Grand Rapids, Michigan — The Grand Rapids African American Institute of Health (GRAAHI) hosted the 20th Annualth Saturday’s Anniversary Rhythm Walk and Health Fair at Martin Luther King Park.
Community members joined city leaders, business owners, organizations, and the health system to address health disparities in the Grand Rapids community.
“It builds on all the other conditions that affect our communities and affect community health: housing, low-income populations, food, education, all of which are major contributors to health disparities. We want to raise awareness because there is, GRAAHI CEO Vanessa Greene told FOX 17 on Saturday.
Khan Nedd, one of GRAAHI’s founders, explained how COVID-19 has highlighted many of the issues GRAAHI has been working on over the past two decades.
“Over the years we have lagged behind in our achievements for various reasons, but I think the pandemic, in particular, which has been part of the last two years, has certainly brought some things to the fore. I see many partnerships and others broadly participating in this effort, trying to shine a spotlight on this issue, develop both strategies and policies, and consider how to ensure our community is engaged. A true participant in whatever that future holds,” added Ned.
There was more to Saturday’s event than just an enlightening walk.
More than 30 resource tables available from various locations, including Spectrum Health, Trinity Health St. Mary’s, Cherry Health, University of Michigan Health-West, Cure the Violence, Grand Rapids African American Nurses Association, and more, according to event organizers was.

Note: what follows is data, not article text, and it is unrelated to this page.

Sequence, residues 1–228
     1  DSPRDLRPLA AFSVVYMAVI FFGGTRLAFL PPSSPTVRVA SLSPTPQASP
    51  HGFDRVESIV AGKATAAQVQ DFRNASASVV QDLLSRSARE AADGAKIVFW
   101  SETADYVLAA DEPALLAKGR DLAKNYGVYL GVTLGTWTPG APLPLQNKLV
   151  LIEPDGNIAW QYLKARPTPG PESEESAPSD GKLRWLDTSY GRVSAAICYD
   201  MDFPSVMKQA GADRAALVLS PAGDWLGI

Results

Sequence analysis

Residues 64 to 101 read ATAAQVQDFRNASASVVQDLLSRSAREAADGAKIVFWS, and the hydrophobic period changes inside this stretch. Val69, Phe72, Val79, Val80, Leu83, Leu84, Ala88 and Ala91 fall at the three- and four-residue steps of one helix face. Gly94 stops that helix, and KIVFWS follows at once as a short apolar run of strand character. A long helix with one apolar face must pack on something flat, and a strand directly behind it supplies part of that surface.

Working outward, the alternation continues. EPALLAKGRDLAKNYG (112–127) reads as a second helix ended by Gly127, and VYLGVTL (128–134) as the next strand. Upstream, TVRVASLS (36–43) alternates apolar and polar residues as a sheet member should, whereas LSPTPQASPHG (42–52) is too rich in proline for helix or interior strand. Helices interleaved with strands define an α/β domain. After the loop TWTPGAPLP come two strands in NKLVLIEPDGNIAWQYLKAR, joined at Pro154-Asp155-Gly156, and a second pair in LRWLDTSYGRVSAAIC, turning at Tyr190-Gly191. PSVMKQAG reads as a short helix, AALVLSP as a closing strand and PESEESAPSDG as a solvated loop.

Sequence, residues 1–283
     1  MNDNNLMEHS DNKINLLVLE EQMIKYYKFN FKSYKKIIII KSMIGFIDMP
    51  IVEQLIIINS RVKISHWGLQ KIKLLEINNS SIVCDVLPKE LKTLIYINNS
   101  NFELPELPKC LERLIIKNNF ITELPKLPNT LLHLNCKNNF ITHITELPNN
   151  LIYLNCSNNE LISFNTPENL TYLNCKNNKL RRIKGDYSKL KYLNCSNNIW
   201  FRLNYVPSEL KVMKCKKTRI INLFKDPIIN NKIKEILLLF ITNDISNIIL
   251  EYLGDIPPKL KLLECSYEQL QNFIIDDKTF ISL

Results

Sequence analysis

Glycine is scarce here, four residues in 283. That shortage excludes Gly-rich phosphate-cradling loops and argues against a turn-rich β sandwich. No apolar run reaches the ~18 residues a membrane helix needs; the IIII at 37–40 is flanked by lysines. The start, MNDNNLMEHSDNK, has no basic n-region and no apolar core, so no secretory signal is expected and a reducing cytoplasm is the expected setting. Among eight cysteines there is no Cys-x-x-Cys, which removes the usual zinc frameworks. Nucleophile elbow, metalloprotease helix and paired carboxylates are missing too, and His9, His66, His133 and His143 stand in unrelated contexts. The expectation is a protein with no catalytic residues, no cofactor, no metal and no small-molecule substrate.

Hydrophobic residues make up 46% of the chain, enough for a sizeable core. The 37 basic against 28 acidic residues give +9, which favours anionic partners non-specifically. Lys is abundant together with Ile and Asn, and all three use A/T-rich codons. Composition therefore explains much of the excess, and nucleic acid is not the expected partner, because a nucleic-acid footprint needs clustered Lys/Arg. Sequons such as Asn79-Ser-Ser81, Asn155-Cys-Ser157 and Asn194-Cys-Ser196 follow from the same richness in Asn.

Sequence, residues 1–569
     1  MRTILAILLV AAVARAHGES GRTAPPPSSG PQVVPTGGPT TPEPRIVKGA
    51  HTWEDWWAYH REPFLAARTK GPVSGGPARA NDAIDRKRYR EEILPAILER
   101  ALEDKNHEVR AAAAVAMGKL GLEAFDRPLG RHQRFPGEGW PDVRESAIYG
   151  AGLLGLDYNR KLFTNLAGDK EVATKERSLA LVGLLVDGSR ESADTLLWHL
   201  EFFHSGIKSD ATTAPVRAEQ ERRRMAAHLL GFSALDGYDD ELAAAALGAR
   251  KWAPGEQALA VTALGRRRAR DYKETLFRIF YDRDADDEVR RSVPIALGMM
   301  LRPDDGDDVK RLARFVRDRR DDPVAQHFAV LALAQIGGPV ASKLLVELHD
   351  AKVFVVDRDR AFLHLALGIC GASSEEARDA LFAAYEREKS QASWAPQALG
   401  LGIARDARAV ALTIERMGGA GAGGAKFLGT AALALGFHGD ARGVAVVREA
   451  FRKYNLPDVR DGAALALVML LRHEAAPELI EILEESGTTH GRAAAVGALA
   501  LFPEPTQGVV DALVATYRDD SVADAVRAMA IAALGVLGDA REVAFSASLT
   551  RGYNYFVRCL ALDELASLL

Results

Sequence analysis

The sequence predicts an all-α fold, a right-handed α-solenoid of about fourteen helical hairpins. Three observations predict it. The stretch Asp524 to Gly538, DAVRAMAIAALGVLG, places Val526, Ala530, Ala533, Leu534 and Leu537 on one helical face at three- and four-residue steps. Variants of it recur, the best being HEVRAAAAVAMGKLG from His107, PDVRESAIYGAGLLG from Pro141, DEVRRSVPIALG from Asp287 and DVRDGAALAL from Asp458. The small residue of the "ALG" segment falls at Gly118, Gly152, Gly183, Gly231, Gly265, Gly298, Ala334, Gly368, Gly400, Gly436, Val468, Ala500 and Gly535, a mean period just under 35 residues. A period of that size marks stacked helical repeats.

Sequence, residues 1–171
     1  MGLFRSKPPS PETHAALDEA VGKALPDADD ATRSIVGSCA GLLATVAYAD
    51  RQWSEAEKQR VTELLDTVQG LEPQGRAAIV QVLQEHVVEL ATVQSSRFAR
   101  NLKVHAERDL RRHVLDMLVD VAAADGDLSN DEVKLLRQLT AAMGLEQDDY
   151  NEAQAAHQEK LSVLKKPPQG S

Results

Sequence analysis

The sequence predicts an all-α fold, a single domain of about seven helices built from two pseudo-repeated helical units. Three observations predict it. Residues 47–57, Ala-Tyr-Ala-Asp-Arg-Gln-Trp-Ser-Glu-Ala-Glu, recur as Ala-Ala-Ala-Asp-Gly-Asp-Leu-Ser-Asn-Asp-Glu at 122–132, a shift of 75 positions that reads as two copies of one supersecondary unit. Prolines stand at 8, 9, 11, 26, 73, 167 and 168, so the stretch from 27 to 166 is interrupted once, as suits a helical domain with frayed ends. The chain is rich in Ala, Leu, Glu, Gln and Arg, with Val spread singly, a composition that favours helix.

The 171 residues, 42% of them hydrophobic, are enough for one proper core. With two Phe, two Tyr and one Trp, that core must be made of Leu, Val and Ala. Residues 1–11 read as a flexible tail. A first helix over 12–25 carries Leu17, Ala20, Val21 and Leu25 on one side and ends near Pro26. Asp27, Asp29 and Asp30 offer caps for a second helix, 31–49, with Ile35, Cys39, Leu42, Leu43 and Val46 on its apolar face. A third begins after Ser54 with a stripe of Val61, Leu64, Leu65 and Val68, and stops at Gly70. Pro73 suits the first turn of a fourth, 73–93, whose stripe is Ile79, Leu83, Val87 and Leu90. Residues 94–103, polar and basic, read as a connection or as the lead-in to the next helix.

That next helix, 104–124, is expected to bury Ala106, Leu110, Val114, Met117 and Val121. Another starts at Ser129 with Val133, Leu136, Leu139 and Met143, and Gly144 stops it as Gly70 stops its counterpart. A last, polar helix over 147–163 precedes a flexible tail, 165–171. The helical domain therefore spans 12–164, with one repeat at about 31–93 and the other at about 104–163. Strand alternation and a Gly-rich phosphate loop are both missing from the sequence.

“We have a Spectrum Health mammogram unit here. We have an immunization clinic, and blood pressure checks are done by students at Grand Valley State University and the African American Nurses Association of Grand Rapids, so in addition to a walk, we’re here.” We provide several clinic services to the community and we are very excited about the support today,” explained Green.
Organizers hope this annual event will have life-changing results, not just for community members, but for the healthcare system as a whole.
“We want to raise more awareness and get people involved. We also want the system to look at the work of the African-American community in Grand Rapids, look at the gaps and needs within the community, We want to give more. By providing resources and support, we can continue to expand our impact for improving health outcomes,” said Greene.
“They work on building a muscle memory for thinking about health, not just promoting health. , how they thrive and thrive.
GRAAHI also handed out free backpacks and school supplies at Saturday’s event.
For more information, Grand Rapids African American Health Institute, Click Here.
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